TL;DR: why Twitter’s 140-character limit is just fine as it is


With Twitter filing its IPO, should the social media platform increase the character limits on posts? Emily explores why they shouldn't.

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Twitter is gearing up for its IPO. Of all the rumours surrounding what the company will need to do in order to retain credibility with shareholders, one in particular has left me feeling cold.

That’s the suggestion by Sam Hamadeh, chief executive of PrivCo, and Ross Dawson of Advanced Human Technologies, that Twitter will need to increase the tweet character limit from 140 characters to something longer.

Changing the limit would, according to these two, please future shareholders who would see it as a means of drawing in money from advertisers. Of the current restrictions, Hamadeh said:

“They’re very short messages, very concise but for an advertising vehicle it doesn’t allow advertisers much room to really sell their wares.”

Lost art

Posting in the Bring Your Own Copy LinkedIn group, our managing director Fiona Campbell-Howes said of the suggestion:

“If advertisers can’t fit a promotional message into 140 characters, then Tony Brignull was absolutely right about copywriting being a lost art.”

This was in reference to an interview that legendary 1980s ad copywriter Brignull gave to The Drum last month. Generally he feels that copywriting in advertising is in a dark place right now.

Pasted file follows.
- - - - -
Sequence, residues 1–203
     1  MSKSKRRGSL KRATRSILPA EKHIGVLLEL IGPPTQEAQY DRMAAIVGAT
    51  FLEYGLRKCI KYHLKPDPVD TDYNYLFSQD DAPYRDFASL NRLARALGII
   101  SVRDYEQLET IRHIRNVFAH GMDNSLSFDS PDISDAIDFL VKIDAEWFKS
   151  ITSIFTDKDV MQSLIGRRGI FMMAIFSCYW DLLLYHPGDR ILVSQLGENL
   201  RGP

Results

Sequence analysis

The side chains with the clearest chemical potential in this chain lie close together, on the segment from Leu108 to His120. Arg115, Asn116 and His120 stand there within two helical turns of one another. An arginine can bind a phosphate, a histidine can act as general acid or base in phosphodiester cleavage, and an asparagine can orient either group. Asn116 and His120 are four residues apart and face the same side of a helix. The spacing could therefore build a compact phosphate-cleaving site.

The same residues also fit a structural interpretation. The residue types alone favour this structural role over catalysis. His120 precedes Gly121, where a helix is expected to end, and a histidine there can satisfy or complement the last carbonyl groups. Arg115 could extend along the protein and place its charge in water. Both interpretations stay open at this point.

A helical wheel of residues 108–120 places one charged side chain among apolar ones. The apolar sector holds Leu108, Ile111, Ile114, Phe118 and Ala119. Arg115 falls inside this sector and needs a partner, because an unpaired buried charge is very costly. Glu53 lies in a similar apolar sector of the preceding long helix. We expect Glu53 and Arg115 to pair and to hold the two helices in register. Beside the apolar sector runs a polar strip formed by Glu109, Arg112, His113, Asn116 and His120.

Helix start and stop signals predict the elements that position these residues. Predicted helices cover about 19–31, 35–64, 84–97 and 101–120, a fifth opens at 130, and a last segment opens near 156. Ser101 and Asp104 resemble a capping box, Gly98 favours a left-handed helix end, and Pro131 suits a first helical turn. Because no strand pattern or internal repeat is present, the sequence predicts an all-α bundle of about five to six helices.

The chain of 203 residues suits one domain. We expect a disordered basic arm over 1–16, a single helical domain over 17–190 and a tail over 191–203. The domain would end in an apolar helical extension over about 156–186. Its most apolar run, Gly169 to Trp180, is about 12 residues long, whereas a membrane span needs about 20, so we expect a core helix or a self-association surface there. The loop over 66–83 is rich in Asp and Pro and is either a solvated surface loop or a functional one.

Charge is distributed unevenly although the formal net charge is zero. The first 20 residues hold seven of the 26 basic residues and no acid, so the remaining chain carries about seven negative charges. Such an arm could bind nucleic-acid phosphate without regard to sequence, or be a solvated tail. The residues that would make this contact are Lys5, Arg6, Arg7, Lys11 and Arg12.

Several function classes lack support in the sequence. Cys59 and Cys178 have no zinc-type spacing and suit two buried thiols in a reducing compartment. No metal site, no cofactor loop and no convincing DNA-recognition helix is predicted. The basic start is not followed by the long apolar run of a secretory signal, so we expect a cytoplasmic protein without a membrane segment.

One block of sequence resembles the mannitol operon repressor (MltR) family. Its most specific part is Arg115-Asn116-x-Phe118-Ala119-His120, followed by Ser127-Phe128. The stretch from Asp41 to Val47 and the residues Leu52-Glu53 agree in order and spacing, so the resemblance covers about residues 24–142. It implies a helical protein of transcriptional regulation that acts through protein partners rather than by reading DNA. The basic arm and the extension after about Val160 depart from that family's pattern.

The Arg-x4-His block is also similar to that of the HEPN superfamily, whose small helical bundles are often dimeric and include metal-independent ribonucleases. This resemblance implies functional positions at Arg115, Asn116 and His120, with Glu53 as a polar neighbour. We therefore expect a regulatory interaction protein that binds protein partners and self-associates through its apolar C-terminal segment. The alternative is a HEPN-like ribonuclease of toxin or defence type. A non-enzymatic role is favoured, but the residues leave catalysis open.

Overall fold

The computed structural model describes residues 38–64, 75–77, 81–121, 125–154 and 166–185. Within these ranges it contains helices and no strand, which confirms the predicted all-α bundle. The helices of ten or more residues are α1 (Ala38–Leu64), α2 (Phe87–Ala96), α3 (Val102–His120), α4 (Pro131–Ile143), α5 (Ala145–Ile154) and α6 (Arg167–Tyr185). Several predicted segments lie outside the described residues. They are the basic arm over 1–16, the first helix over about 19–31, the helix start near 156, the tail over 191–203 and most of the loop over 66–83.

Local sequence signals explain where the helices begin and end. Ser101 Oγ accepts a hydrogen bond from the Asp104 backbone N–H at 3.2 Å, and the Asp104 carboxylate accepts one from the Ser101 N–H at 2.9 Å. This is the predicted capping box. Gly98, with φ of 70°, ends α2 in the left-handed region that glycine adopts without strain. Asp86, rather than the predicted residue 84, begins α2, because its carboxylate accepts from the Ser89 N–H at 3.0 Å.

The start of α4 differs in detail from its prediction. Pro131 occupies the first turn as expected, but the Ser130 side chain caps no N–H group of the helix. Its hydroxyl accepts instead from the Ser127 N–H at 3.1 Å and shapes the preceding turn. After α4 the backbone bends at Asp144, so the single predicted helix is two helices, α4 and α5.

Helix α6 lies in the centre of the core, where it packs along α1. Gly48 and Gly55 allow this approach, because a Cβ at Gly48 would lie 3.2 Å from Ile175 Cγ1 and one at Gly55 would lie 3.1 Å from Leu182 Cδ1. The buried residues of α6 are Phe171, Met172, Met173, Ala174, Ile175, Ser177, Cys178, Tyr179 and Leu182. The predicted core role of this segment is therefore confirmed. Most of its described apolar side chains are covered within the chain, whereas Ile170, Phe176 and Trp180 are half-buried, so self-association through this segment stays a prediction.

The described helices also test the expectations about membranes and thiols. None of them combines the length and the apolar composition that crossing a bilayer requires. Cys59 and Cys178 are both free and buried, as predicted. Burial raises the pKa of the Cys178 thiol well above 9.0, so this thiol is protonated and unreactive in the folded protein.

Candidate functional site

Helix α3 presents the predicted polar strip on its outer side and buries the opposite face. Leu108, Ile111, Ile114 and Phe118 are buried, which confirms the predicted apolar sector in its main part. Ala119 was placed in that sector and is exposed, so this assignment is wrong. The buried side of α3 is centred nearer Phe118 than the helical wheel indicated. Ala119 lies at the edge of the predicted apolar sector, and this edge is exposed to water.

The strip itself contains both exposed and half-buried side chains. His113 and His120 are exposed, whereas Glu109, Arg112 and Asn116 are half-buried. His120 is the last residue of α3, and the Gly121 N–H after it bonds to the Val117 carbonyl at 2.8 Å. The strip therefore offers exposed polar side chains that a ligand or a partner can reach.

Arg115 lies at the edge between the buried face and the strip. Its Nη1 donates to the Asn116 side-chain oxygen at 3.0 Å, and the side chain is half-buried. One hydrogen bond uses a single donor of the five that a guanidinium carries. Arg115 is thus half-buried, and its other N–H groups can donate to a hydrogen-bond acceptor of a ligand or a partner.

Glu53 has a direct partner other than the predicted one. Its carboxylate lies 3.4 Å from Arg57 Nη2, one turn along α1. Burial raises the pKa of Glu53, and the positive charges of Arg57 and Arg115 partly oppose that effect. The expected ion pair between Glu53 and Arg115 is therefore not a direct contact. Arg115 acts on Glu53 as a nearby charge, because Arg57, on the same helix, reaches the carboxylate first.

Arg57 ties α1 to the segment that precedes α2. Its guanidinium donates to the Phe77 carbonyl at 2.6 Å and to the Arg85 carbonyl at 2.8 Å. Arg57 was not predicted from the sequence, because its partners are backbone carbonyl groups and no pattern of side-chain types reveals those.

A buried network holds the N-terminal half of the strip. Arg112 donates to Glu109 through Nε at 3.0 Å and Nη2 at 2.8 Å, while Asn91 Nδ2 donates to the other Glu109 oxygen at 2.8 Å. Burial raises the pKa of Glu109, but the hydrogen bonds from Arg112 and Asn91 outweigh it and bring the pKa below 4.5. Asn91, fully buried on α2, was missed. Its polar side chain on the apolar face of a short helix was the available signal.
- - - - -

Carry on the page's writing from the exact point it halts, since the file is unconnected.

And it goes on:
Succinctness

Advertisers and marketers don’t need more space to talk about their brands, products and services. The existing character limit makes for pithy, concise copy – exactly the kind of thing advertisers should be striving for.

As B2B copywriter David McGuire explained in episode 5 of the Radix Copycast:

“Sometimes I’ll write something that’s 300 characters long and pare it down, pare it down, and when I do that, it makes every word, every character within the Tweet more intense, because everything has to pull its weight.

(My emphasis.)

And why are Tweets restricted to 140 characters in the first place? It’s to do with the service’s origins – it was based on the length of SMS, which uses 160 characters, but they allowed 20 characters for people’s usernames.

Twitter as a gateway

And this is all ignoring the fact that brands would still be linking to product landing pages or other multimedia content like videos. Places where people expect longer pieces of content.

But more importantly, just because something is longer doesn’t mean people will read it. People don’t read to the end of most online articles and blog posts (thanks for sticking this far) and 94% of YouTube users skip pre-roll ads that are placed at the beginning of videos.

None of this is to suggest that content can’t be long, but as Fiona suggested in episode 5 of our podcast: content doesn’t have to be long or short – it needs to be interesting. It doesn’t matter how long a Tweet is – if it’s not interesting, it’s not going to get engagement.


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